Street art from above.

| 16 Feb 2015 | 06:13

    At 10 o'clock on a recent Friday night, 50 people squeezed into a second-story loft overlooking the intersection of Essex and Rivington streets on the Lower East Side, to watch 40 dancers, sculptors, cellists, etc., inject themselves into the pedestrian goings-on below.

    *SX Street: a neo event* is the work of the interdisciplinary arts collective Magnetic Laboratorium, many of the members of which dance for Merce Cunningham. In 1952, the then-33-year-old choreographer joined John Cage and Robert Rauschenberg in the first Happening (though it wasn't yet called that). In the 50 years since, Cunningham has given serendipity a prominent role in his dances, with the dancers? clusterings and dispersals often resembling the random patterns of street movement, though the steps are never pedestrian. Here, the performers not only travel in the patterns of foot traffic, but?this is the "neo" aspect of the event?they also model themselves (slyly or outlandishly) on typical weird passersby. They are actually on the street, of course, not just borrowing its anti-method for the stage.

    The strip of Essex Street we survey might as well be a set, though. It's perfectly framed, with a storefront's steel awning covered in rough tags as the backdrop; a cartoonishly poofy tree marking stage left; and a hand-painted advertisement for "Shapiro's Kosher Wines," which could have been snagged from a Walker Evans shot, at the top of the scrim. Twentysomethings shuffle by while cars slide sleekly along. Around the corner on Rivington Street, smokers clump outside The Magician and Welcome to the Johnsons. At 10:17, a self-appointed trash collector hauls a large dolly packed with treasures down the street. Chief among the lucky finds is a woman in a filmy blue dress, pulled along on a cart by a hobo.

    A pause, and then something else?a drag queen with the ditzy limbs and erratic rhythms of Lucille Ball partners with a parking meter. The dance tune on her Walkman has been surreptitiously piped up to us. In fact, we're privy to the soundtracks of all the characters. That is to say, we know which movies they'd like to think they're starring in. Later, a man falls headfirst out of the poofy tree just as a car pulls into a nearby spot. The driver allots the man, dangling from his ankles, one second of "yeah, whatever" attention before he gets out of the car and walks off.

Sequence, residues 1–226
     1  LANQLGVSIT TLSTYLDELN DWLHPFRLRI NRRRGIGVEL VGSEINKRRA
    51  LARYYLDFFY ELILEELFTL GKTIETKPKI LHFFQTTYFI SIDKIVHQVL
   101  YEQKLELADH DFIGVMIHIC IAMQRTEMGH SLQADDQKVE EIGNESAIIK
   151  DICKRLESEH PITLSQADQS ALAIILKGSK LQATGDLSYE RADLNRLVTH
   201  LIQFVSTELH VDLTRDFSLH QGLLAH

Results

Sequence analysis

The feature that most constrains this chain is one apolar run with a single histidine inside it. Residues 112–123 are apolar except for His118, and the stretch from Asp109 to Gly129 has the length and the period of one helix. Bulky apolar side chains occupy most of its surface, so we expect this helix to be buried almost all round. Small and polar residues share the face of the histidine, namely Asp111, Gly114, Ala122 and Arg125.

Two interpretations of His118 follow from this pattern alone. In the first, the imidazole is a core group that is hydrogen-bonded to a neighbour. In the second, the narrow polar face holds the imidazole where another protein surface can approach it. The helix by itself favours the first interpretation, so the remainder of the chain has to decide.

Whenever the acts hyperbolize, broadly parody or skewer typical street happenings or received notions about them, as these do, *SX Street* works. But when the m.o. is camouflage (is the man running by with a flashlight your average citizen or a plant?) and the point is only that anything can happen here, they fall flat. Once we've figured out whether a moment is staged, there is nothing else to think. And we figure it out instantly. It's a nice paradox: Performers, who have no purpose but to perform, look purposeful. The rest of us look aimless. Pedestrians tend not to step brightly (especially not in New York, where they have a lot on their minds and are used to crowds). They move mindlessly, their thoughts elsewhere.

    The street offers infinite variations on such big, lovely facts as: Truth is stranger than fiction; the most unlikely combinations of people and things can coexist; history is only a hand-painted sign away from the fluorescent present. You cannot stage these facts?others, but not these?without undermining them. They depend on accident for their impact. Since it isn't easy to add to a street scene without detracting from it, many eloquent artists of the everyday have opted for documentary. Plainspoken shooters like Robert Frank, Garry Winogrand and Lee Friedlander understand how well the street speaks for itself. These artists express their insights in how they frame it.

    To the abounding credit of its director, Marisela La Grave, when *SX Street* doesn't add much to the scene, it at least doesn't interfere with what is already there. In one lull in the deliberate performances, three perky little dogs turn up at the same instant on the same corner, their separate owners in tow. A man and a woman in a long, intimate embrace are suddenly engulfed by a crowd of college boys waiting for the light; they don't notice the couple at all.

    Even though we've shown up expressly to watch?a more self-conscious setup for street-viewing than usual?*my* thoughts, at least, move about easily. They come without bidding and leave before they have overstayed their welcome.